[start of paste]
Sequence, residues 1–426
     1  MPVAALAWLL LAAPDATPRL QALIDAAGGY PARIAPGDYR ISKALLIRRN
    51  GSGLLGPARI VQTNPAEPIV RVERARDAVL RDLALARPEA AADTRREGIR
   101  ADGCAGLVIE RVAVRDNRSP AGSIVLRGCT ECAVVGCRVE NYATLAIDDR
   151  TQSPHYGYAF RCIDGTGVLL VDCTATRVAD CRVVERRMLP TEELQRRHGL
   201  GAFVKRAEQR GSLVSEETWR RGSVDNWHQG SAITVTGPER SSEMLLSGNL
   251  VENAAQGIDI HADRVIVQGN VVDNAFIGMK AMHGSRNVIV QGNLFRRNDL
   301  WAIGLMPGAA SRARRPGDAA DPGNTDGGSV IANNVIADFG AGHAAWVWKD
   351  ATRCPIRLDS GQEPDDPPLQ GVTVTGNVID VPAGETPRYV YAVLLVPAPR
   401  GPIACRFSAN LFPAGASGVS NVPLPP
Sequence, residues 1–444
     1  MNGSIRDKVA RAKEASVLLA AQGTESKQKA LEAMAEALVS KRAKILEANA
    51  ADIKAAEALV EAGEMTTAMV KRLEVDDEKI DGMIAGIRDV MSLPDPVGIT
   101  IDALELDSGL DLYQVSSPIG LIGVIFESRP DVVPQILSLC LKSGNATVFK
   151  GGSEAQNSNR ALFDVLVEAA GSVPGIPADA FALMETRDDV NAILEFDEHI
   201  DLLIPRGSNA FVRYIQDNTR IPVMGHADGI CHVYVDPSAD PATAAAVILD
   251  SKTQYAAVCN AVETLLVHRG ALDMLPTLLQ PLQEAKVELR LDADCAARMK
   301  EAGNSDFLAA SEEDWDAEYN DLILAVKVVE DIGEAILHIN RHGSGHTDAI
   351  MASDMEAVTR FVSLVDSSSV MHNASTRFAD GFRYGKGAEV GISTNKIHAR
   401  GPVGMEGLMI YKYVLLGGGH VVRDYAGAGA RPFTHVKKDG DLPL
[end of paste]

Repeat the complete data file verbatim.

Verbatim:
Sequence, residues 1–426
     1  MPVAALAWLL LAAPDATPRL QALIDAAGGY PARIAPGDYR ISKALLIRRN
    51  GSGLLGPARI VQTNPAEPIV RVERARDAVL RDLALARPEA AADTRREGIR
   101  ADGCAGLVIE RVAVRDNRSP AGSIVLRGCT ECAVVGCRVE NYATLAIDDR
   151  TQSPHYGYAF RCIDGTGVLL VDCTATRVAD CRVVERRMLP TEELQRRHGL
   201  GAFVKRAEQR GSLVSEETWR RGSVDNWHQG SAITVTGPER SSEMLLSGNL
   251  VENAAQGIDI HADRVIVQGN VVDNAFIGMK AMHGSRNVIV QGNLFRRNDL
   301  WAIGLMPGAA SRARRPGDAA DPGNTDGGSV IANNVIADFG AGHAAWVWKD
   351  ATRCPIRLDS GQEPDDPPLQ GVTVTGNVID VPAGETPRYV YAVLLVPAPR
   401  GPIACRFSAN LFPAGASGVS NVPLPP
Sequence, residues 1–444
     1  MNGSIRDKVA RAKEASVLLA AQGTESKQKA LEAMAEALVS KRAKILEANA
    51  ADIKAAEALV EAGEMTTAMV KRLEVDDEKI DGMIAGIRDV MSLPDPVGIT
   101  IDALELDSGL DLYQVSSPIG LIGVIFESRP DVVPQILSLC LKSGNATVFK
   151  GGSEAQNSNR ALFDVLVEAA GSVPGIPADA FALMETRDDV NAILEFDEHI
   201  DLLIPRGSNA FVRYIQDNTR IPVMGHADGI CHVYVDPSAD PATAAAVILD
   251  SKTQYAAVCN AVETLLVHRG ALDMLPTLLQ PLQEAKVELR LDADCAARMK
   301  EAGNSDFLAA SEEDWDAEYN DLILAVKVVE DIGEAILHIN RHGSGHTDAI
   351  MASDMEAVTR FVSLVDSSSV MHNASTRFAD GFRYGKGAEV GISTNKIHAR
   401  GPVGMEGLMI YKYVLLGGGH VVRDYAGAGA RPFTHVKKDG DLPL